Consider an undeveloped plot of land in a city. A fairly level empty site with no construction on it yet. When it rains on this plot, depending on the intensity and volume of rainfall, this is what is most likely to happen. 10 % of it will runoff as storm-water, about 90% of it will be absorbed by the soil but only about 10% will infiltrate and percolate to become groundwater, 80 % of it will most likely come up through the soil and either evaporate or evapo-transpirate, being taken up by the roots of plants and trees and sent out into the atmosphere through the leaves.

Now consider the same site with construction on it. The situation will dramatically change. Of the rain falling on the site 90 % will run-off as storm-water, about 5 % will evaporate or evapo-transpirate and about 5 % will infiltrate and percolate into the ground. This 90 % run-off now races to low lying areas quickly, overwhelms the drainage system and causes urban flooding with disastrous consequence to life and property.

The double whammy comes from the fact that urban areas are also prone to increased rainfall in volume and intensity because of the heat island effect, where the crust of the city such as roads, pavements and buildings absorb heat and radiate it into the atmosphere causing temperatures to go up and for the rain clouds to fall more and faster.  

Solutions: A source control strategy will look at two major methods called retention and detention. Retention is to store storm-water. Since most storm water comes from individual sites, these sites can act responsibly to retain or detain the water. Retain is a more permanent affair while detention means a temporary holding of the water before its release into the drainage network.

Retention can be as simple as storing rooftop rainwater in a drum as this house on Hayes road shows. By placing a Rain Barrel of 5000 litres capacity and leading their 200 square metre rooftop rainwater to the barrel they have not only managed to ensure that a 30 mm rainfall does not go out of the house but also that they have additional water ‘straight from the sky’ for their use. Retention can also be taking the rooftop rainwater and storing it in sump tanks.

 Detentions are slightly different affairs. Detaining waters is easily done by making recharge wells and leading the rooftop rainwater into them. They will gulp close to 6000 litres to 10,000 litres in a day and ensure that the water goes to the aquifer than to the storm water drain. Some of the water may emerge as base flows but some may completely go to make up the underground water table. Typical recharge wells in the Bangalore context are 3 feet in diameter and 20 feet deep.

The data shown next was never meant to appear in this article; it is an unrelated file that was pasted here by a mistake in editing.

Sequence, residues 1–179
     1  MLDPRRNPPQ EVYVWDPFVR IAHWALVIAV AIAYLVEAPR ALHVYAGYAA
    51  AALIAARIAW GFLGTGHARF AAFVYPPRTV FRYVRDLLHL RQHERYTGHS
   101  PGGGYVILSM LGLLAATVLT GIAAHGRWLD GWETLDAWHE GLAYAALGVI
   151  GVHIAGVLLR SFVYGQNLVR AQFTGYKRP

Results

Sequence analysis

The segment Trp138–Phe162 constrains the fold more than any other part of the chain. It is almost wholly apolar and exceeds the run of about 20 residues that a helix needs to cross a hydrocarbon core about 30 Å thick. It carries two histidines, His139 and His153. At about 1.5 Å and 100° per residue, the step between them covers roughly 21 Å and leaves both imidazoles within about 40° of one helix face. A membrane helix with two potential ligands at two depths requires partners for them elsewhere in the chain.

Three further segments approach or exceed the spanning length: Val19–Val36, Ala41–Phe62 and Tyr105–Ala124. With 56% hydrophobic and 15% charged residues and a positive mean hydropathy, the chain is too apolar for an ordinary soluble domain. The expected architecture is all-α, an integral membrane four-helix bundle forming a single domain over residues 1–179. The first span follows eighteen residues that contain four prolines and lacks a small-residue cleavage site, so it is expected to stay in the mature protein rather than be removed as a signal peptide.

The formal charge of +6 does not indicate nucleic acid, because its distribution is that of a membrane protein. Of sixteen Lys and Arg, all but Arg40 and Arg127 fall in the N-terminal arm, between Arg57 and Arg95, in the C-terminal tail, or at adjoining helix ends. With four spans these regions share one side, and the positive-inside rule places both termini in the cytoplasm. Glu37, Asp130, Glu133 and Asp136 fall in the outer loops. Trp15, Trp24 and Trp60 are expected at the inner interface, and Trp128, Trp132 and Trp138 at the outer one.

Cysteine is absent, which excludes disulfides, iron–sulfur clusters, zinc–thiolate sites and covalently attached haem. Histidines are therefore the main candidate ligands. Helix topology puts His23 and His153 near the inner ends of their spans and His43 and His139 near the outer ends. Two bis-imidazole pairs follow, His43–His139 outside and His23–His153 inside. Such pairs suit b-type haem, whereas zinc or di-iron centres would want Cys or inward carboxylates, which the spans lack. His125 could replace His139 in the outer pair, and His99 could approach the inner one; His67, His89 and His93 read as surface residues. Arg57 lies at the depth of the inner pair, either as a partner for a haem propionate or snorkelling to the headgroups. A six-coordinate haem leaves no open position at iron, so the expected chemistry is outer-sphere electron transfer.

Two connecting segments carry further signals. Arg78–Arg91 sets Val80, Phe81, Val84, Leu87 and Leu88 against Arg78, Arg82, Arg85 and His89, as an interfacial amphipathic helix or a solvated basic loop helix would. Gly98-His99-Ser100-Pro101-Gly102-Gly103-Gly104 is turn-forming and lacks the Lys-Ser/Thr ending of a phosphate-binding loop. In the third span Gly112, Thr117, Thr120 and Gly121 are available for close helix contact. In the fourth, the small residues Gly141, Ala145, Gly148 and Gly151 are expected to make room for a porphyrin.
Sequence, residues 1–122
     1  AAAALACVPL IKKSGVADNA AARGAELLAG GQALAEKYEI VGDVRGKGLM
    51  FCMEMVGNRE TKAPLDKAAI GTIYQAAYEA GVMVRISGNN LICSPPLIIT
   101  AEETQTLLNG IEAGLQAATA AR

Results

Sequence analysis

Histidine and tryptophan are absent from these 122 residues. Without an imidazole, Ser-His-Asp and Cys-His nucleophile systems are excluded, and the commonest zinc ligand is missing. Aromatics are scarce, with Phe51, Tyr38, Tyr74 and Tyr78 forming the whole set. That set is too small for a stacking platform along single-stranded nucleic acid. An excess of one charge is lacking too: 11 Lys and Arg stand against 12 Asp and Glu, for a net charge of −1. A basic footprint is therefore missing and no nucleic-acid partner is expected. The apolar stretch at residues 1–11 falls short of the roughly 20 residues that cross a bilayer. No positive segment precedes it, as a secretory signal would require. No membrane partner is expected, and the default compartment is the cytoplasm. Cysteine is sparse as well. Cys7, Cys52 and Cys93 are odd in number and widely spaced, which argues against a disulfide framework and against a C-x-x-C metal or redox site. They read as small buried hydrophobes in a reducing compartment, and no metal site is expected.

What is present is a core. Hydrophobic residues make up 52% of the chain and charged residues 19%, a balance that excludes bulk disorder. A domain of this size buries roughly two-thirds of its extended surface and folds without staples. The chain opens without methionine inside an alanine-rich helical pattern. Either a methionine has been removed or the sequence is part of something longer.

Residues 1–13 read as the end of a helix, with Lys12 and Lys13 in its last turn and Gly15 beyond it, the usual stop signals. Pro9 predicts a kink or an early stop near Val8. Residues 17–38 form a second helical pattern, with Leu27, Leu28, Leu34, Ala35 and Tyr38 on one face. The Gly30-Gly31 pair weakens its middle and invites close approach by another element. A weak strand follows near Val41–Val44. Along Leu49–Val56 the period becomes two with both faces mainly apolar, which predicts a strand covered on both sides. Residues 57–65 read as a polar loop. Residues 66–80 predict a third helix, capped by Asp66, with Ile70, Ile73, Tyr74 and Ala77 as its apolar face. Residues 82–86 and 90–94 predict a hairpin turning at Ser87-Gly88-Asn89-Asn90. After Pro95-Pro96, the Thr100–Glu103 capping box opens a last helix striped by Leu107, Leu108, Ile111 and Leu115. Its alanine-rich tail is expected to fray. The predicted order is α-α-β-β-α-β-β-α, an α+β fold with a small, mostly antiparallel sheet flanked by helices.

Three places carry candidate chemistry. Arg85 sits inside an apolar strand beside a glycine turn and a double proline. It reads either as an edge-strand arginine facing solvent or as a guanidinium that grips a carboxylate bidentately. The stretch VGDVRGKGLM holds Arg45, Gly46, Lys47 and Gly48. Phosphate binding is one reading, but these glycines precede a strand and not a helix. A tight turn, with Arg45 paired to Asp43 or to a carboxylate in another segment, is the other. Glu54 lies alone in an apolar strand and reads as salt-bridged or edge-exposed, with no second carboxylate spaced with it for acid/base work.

Detaining structures can also be placed in the storm water drain or adjacent to it, thus picking up and recharging storm water.

With simple steps from individual homes and apartments to either store rainwater or to recharge it , it should be possible to manage urban floodings. It is my opinion that a combination of simple technologies would be better than a foreign technology which is centralized in approach

Rainwater harvesting rules help facilitates storm water management, provided they are designed and implemented with care. Cities which seek to manage water harmoniously can avoid floods and augment there water supply through these retaining and detaining structures instead of investing huge sums of money to build large storm water drains, difficult to maintain and wasting a precious resource. The choice is ours and we must make wise decisions now. 

idontspam's picture

Transparency in problem/solution

 While I agree companies and individuals tend to promote solutions they have, we must remember there is a ton of expertise and solutions out there that needs to be tapped into. We cant have BBMP engineers thinking they know it all. There has to be a structured way of defining the problem and opening up the solution document to various options with a benefit analysis on each one. If this is transparently managed by a neutral comittee and open to solutions from across the globe then you will get the best of breed. And we DESERVE the best of breed.